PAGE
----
It’s funny, isn’t it? These little booklets have been hanging around for decades, unwanted and unread, gathering dust in attics and mouldering on charity shop shelves. While dimly aware of the Make Do and Mend campaign, and someone who cringes at the thought of throwing away usable fabric, I had never seen the pamphlets, or read them for myself, until about a year ago.
I was immediately captivated. The clever and frugal household tips transported me to a time when British citizens were permitted but one egg a week, a modest cube of cheese, a pat of butter, and a few ounces of meat. A time when coupons for clothes were cut from allowance books, and if you didn’t have the coupons, you couldn’t buy the clothes, no matter how much money you had in your purse. A time when enterprising women supplemented these rations with inventive recipes, and garments cut from recycled fabric.
In this era of economic uncertainty around the world it seemed particularly timely to look again at these lessons from the past and see what they can offer us today. Series 8 of Cast On, Make Do and Mend, will explore ideas around fashion and the clothing industry, sustainability, thrift, community, the creative use of resources. I’ll talk mending and darning with people who know how; explore ways to unravel sweaters, to reuse, revisit and recycle old stuff into new; and discover the knitwear home care secrets of ancient Wales. Frankly, this seems as good a time as any, and a better time than most to revisit some of our forebears’ thrifty ways and relearn their handiest household hints. Depression cake, anyone?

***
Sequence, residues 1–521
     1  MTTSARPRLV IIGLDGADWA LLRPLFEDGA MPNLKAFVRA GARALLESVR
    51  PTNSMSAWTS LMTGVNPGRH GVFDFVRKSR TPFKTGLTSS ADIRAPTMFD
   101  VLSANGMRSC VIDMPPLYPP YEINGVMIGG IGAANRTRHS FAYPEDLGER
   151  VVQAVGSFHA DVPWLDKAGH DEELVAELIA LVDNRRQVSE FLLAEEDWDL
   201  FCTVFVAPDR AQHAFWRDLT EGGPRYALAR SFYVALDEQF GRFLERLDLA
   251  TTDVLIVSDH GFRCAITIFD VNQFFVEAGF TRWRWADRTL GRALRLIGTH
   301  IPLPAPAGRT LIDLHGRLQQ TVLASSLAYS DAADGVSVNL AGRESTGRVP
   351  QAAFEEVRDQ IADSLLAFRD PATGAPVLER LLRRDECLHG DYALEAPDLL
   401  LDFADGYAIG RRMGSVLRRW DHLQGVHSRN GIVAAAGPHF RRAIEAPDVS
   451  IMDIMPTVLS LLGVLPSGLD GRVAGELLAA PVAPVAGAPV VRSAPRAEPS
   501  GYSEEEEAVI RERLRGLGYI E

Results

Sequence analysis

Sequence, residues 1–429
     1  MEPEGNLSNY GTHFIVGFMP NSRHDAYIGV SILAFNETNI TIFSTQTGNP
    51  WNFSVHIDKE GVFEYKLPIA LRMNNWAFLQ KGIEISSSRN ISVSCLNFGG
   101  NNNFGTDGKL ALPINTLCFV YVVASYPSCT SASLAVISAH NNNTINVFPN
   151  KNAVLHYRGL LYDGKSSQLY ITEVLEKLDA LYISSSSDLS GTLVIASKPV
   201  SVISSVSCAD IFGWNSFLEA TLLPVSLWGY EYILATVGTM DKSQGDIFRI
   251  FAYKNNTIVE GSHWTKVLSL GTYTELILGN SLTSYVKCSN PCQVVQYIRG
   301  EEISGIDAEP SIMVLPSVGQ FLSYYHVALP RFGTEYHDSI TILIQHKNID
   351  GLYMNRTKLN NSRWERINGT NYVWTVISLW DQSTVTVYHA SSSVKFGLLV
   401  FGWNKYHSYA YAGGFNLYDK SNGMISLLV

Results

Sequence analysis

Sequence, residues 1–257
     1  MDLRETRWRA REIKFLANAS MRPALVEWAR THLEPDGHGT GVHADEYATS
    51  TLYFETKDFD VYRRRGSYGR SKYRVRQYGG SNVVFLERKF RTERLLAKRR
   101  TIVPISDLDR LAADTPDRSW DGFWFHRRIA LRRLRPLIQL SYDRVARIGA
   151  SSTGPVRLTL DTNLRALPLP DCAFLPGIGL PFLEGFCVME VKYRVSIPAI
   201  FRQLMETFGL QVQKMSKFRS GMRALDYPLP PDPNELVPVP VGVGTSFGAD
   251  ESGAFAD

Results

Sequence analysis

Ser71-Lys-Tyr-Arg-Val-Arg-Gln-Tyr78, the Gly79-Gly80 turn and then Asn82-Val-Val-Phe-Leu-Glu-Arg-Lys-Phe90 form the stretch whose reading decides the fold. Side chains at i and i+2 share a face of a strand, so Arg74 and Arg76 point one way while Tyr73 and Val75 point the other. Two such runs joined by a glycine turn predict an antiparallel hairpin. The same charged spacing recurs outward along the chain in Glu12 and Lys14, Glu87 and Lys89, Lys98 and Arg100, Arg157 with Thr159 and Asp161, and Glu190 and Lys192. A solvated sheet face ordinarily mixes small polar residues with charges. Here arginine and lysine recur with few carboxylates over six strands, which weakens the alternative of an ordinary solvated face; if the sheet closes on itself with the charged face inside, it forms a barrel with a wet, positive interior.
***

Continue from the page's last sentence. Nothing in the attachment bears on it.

Please join me for Series 8, Make Do and Mend, beginning 1 May 2009.[audio:http://libsyn.com/media/randomlengths/MDAM-Promo.mp3]